The sophisticated technology that powers face recognition in many modern smartphones someday could receive a high-tech upgrade that sounds--and looks--surprisingly low-tech. This window to the future is none other than a piece of glass. University of Wisconsin-Madison engineers have devised a method to create pieces of "smart" glass that can recognize images without requiring any sensors or circuits or power sources. "We're using optics to condense the normal setup of cameras, sensors and deep neural networks into a single piece of thin glass," says UW-Madison electrical and computer engineering professor Zongfu Yu. Yu and colleagues published details of their proof-of-concept research today in the journal Photonics Research.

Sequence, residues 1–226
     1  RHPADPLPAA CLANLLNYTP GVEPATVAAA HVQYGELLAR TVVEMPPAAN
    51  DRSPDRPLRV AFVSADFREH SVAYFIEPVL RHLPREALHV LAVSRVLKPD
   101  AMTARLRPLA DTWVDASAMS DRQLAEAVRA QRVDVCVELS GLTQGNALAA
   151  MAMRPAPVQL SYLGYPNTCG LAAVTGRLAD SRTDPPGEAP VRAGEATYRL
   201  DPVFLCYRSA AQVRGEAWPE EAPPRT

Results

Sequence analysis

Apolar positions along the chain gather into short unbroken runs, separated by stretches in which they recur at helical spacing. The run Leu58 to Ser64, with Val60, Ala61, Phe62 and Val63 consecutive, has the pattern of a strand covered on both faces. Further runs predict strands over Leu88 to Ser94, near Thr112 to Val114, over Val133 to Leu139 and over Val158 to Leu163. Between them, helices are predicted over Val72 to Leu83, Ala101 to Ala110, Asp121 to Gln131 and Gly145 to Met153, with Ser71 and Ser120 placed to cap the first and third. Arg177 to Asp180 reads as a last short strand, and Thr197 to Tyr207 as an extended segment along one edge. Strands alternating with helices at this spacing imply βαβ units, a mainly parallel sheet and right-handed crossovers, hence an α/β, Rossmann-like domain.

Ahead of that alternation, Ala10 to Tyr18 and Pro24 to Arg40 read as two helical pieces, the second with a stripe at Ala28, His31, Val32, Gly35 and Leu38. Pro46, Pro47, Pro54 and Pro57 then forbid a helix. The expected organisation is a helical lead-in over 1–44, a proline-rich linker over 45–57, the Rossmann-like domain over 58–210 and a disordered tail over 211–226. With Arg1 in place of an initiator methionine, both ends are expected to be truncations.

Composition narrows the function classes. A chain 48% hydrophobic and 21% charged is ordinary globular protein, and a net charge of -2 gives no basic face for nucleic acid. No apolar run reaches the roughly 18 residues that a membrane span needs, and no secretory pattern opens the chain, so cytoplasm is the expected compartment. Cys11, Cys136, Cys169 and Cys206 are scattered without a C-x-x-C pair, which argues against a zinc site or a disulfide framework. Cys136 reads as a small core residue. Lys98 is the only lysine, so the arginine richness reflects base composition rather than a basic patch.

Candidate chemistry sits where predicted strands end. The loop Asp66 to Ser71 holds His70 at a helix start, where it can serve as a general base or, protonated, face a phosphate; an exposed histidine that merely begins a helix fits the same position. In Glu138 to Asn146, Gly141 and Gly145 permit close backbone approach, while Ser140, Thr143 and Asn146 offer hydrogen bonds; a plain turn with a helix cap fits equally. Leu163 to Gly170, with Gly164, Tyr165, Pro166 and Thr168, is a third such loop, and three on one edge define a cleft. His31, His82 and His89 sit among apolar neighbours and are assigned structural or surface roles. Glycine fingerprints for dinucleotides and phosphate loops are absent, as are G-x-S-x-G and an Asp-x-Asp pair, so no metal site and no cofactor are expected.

Dozens of databases of people's faces are being compiled without their knowledge by companies and researchers, with many of the images then being shared around the world, in what has become a vast ecosystem fueling the spread of facial recognition technology. The databases are pulled together with images from social networks, photo websites, dating services like OkCupid and cameras placed in restaurants and on college quads. While there is no precise count of the data sets, privacy activists have pinpointed repositories that were built by Microsoft, Stanford University and others, with one holding over 10 million images while another had more than two million. The face compilations are being driven by the race to create leading-edge facial recognition systems. This technology learns how to identify people by analyzing as many digital pictures as possible using "neural networks," which are complex mathematical systems that require vast amounts of data to build pattern recognition.